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Aeronautics and astronautics (A&A) students don’t just study rocket science, they actually do it. For many years the Charlie Bossart Machine Shop has served undergraduates and graduate students at the UW, allowing them to machine injectors and thrusters for rockets as well as design tail fins for the Society for Advanced Rocket Propulsion (SARP).
However, for the past seven months, the shop has been effectively out of commission, but not because of COVID-19. After the resignation of a longtime staff member, the A&A department has greatly limited access to the shop that was previously operating following in-person COVID-19 protocol. Although the machine shop is mainly used by A&A students who specialize in experimental research and hardware development, for those students, the shop is essential for getting the hands-on engineering experience they need to produce top-tier research UW prides itself on.
Not only have students been left scrambling to find other machine shops on campus to use, but interim measures put in place by the department for students to access the machine shop have caused more problems than they’ve solved. As one undergraduate SARP member put it: “The Mechanical Engineering shop simply cannot handle the number of students that may come in, numerous teams such as Formula Motorsports, Human Powered Submarine, and ourselves use the shop. To have another place to machine would drastically improve our machining abilities. In addition, we could machine critical materials such as graphite which we can’t machine in the Mechanical Engineering shop.”
Another major issue has been cost. Previously, the A&A department subsidized the cost of machinist labor and use of the machines, but now that cost is falling on researchers and clubs. Further, the department has no plans to rehire a dedicated machinist for the shop, which many students have felt was an essential to machining mentorship.
While having an inoperable machine shop is currently hurting the operation of clubs such as SARP, Design, Build, Fly (DBF), and A&A Cubesat Team (AACT), which allow students to get the machine shop experience they need to excel in their fields when they graduate, it is also impacting the ability of students and faculty to produce high-quality research.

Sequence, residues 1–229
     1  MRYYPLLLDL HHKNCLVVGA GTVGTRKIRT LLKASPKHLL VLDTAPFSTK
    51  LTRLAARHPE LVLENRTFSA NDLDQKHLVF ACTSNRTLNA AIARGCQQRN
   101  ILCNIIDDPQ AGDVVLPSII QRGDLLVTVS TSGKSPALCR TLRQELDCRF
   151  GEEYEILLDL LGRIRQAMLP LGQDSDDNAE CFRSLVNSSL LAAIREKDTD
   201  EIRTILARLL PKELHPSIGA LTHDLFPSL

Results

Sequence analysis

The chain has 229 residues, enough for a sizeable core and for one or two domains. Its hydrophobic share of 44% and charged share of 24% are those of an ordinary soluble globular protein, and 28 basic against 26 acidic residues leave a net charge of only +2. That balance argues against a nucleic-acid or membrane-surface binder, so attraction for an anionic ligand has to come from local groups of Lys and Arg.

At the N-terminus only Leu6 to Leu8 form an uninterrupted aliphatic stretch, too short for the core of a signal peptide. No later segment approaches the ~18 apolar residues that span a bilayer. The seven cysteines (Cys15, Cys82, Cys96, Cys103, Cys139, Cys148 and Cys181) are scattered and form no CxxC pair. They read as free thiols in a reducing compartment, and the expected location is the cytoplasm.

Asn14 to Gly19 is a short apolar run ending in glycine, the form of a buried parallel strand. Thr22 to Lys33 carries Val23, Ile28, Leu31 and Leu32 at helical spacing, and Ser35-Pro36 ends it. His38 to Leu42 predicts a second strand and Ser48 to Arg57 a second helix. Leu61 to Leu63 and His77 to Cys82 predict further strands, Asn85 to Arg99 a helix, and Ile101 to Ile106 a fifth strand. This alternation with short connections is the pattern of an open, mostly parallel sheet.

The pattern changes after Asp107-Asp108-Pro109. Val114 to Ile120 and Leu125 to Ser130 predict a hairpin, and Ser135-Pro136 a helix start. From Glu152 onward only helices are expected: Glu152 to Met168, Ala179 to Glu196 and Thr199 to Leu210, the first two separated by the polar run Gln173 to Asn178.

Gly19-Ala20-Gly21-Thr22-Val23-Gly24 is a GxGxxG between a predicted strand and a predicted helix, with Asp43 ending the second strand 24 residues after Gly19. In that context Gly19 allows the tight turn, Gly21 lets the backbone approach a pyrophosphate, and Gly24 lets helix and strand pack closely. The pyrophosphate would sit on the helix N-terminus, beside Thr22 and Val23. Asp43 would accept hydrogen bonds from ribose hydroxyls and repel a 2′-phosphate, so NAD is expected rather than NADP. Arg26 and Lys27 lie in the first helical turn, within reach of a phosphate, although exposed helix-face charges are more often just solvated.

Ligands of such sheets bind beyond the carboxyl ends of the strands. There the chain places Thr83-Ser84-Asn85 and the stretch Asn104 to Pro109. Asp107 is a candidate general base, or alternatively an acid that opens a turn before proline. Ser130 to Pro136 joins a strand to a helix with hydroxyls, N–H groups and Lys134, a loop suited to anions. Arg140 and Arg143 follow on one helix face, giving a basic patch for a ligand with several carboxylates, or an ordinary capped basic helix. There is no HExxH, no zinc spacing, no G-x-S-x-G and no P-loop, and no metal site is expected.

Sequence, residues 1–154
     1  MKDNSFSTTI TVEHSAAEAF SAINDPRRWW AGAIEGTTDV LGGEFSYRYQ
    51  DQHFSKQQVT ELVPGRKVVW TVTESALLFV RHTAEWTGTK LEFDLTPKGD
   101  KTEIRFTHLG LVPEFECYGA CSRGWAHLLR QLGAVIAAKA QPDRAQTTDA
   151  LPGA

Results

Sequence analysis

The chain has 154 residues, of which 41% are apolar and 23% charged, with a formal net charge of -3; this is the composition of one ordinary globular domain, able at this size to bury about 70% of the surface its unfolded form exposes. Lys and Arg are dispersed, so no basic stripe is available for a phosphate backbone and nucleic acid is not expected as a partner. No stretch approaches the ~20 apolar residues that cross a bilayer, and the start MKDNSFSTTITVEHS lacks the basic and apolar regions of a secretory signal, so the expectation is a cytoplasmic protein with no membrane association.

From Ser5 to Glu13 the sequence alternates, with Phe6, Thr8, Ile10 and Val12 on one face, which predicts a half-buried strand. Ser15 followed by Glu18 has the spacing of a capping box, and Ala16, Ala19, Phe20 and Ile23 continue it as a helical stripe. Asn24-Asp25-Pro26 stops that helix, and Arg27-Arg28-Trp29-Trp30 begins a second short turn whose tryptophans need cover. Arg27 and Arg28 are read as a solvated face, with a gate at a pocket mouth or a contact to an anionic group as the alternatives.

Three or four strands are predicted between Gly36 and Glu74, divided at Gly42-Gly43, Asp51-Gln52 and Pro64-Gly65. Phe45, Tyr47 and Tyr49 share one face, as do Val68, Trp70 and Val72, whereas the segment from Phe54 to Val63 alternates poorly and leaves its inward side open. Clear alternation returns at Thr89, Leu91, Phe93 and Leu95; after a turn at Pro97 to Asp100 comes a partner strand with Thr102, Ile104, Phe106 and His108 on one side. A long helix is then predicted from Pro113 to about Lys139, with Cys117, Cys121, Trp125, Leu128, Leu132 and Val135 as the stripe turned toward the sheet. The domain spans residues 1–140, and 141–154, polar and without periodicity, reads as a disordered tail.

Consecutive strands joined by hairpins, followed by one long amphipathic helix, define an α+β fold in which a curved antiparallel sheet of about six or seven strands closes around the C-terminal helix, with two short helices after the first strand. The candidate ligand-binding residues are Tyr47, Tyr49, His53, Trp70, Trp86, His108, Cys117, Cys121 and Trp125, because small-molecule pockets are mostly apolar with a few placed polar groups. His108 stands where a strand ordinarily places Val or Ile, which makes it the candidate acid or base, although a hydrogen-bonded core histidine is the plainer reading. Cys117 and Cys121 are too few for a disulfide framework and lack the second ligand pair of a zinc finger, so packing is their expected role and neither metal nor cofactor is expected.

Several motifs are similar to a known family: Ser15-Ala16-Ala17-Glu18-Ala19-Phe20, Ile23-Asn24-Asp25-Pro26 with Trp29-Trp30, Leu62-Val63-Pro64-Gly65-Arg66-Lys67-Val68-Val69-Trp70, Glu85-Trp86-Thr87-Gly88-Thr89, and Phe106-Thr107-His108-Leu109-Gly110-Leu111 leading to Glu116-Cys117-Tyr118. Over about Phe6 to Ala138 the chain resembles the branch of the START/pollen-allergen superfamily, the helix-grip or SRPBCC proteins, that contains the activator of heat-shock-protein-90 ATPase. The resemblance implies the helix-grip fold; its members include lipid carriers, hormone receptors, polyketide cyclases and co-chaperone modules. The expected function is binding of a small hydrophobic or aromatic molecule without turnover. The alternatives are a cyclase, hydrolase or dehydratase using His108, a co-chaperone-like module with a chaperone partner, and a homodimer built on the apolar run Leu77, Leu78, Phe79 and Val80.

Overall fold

“Regrettably there has been very little communication between the department and the undergraduates about the AA shop,” the above-mentioned SARP member said. “The only communication from the department was the survey about shop access and everyone I know said that we need AA shop access. However, there have been only crickets and rumors from the AA department.”
Danny Beeson, an A&A undergraduate student, mentioned that due to COVID-19 restrictions, the machining for his pre-capstone project had to be completed by graduate student teaching assistants. “[The TA] had to get a ton of different papers and signatures signed by an equal ton of professors and administrators that never responded,” Beeson said. “Which meant the machining of our project was delayed by multiple weeks. Our project suffered and so did our grade.”
Unfortunately, the machine shop is just one of several concerning events coming out of the A&A department signaling a broader pattern of mismanagement.
Last summer, a graduate student heard a noise at his lab entrance, only to find Facilities Services performing a routine lock change that the department had failed to notify him about. This led to missing a week of work due to not having the new key to his own lab. Although the department has since apologized for the lock change incident and has a plan for continued machine shop access, many students feel the efforts are too little too late. These measures have failed to reassure students that the department is operating in their best interest.
At the end of the day, when undergraduate students ask how they should get into the aerospace industry, some graduate students are jaded about the benefits of graduating from the A&A department: “If you’re interested in hardware, study mechanical engineering instead; if you’re into flight controls or avionics, then study ECE.”
Aerospace engineering is a dynamic field, but suffering through the current A&A department at the UW isn’t worth the trouble.
Danny Beeson, UW Student
Reed Thompson, UW Student
James Michael Penna, UW Student
Aqil Khairi, UW Student
Finn van Donkelaar, UW Student